Thanks to its Crystal Processor 4K, the Samsung’s also a very adept upscaler of lower-resolution content. Certainly the endless colours and textures of the BBC’s The Great British Sewing Bee enjoy worthwhile variation, and contrasts stay clean and obvious too. There’s a little hesitancy when it comes to edge definition and motion control, but it’s minor enough to be easily ignored. Step down in source quality from there, though, and the results are predictable – softness of image, hesitancy of motion, significant lack of detail. Any 4K TV would struggle with a daytime TV repeat of Murder, She Wrote and the 50AU9000 is no exception.

As far as gaming goes, the news is at least partially good. Each of the Samsung’s three HDMI inputs can cope with the Auto Low Latency Mode and FreeSync aspects of a next-gen console’s specification – latency is down below 10m/s at worst and sub-6.0m/s at best. Add in some complicated processing that intends to mimic a 4K/120Hz refresh rate, and the ability to accommodate the 32:9 aspect ratio some PC games are so enamoured of, and the AU9000 isn’t a bad gaming companion at all.   

The Samsung AU9000 displaying its app menu and placed on a white background.

(Image credit: Samsung)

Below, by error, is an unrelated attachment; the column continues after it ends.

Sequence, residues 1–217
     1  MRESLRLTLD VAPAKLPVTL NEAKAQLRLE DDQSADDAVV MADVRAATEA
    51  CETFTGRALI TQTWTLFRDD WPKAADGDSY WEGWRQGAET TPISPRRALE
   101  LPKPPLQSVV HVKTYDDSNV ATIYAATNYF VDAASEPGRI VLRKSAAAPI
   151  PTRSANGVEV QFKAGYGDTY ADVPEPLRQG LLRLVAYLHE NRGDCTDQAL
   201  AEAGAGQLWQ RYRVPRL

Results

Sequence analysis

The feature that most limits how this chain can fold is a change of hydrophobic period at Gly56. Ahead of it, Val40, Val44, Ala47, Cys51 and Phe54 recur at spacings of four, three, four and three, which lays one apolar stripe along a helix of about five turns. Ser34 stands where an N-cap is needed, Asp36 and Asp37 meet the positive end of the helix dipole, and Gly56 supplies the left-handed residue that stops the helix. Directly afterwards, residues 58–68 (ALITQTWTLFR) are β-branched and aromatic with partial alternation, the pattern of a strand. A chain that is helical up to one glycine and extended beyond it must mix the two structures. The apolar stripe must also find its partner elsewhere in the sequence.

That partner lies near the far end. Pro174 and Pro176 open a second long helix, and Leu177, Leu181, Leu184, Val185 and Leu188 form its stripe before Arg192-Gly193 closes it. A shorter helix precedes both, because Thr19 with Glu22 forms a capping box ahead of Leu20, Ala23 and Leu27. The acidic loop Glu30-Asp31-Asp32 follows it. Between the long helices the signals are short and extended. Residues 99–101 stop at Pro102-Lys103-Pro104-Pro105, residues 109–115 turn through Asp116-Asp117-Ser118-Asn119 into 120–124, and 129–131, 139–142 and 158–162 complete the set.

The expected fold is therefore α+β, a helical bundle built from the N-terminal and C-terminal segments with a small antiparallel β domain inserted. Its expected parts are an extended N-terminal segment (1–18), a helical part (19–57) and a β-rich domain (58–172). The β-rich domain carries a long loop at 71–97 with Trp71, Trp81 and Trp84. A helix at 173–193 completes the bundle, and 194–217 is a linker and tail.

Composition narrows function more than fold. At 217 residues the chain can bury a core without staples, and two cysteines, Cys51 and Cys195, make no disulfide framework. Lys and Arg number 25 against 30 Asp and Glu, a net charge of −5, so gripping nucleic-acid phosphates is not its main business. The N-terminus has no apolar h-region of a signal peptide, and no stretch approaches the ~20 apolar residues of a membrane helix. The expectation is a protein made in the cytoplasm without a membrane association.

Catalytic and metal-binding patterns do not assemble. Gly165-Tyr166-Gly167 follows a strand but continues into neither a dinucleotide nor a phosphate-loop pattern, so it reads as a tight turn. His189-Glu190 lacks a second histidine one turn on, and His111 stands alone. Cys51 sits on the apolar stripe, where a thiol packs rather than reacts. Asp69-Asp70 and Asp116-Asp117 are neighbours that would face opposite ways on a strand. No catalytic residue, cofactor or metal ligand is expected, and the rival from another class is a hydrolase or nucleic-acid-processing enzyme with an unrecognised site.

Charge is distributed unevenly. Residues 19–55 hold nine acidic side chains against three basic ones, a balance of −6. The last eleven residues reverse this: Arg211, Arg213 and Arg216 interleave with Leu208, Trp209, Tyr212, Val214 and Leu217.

Samsung AU9000 TV review: audio performance

  • Humdrum sound
  • Two drivers totalling 20 watts of power
  • Q-Symphony compatible

It’s not uncommon for a mainstream TV to betray its price-point more readily with the sound it makes than with the images it produces. And so it proves with the Samsung AU9000 TV.

Samsung’s not very forthcoming about the size and composition of the two drivers fitted to the lower apportion of the screen. It’s prepared to admit they enjoy a total of 20 watts of power, though. And it’s happy to suggest its ‘Object Tracking Lite’ algorithms can coax a meaningful impression of height out of the audio presentation too. 

It’s fair to say this last part is a red herring. The point-source of sound from the Samsung is hazy, certainly, but that’s not the same as delivering an impression of height – not at all. And as far as tonality goes, the 50AU9000 sounds tentative and rather flat. It’s game, certainly – wind the volume upwards and it resists hardening or coarsening quite commendably. But really, it’s as far removed from the standard of the images the Samsung produces as these things ever are.

So not for the first time, we find ourselves strongly pushing the idea of a soundbar to bring your sonic presentation up to snuff. Given that the AU9000 is ready to contribute to a ‘Q Symphony’ arrangement with an appropriate Samsung soundbar – that’s when the TV’s speakers join in with, rather than are muted by, an attached soundbar, we’d particularly suggest looking into that option. But in any event, try and keep a little of your budget aside – an inexpensive soundbar is the least these images deserve.

The Samsung AU9000 in a living room on a wooden TV stand and displaying a jungle pond scene.

(Image credit: Samsung)

Conclusion

If you want to make the most of your budget, Samsung’s long had a handle on what makes a great mid-range TV, and the AU9000 is no exception. What's more, this TV is often reduced by at least 10 percent on the Samsung website and other retailer websites, making it fantastic value for money.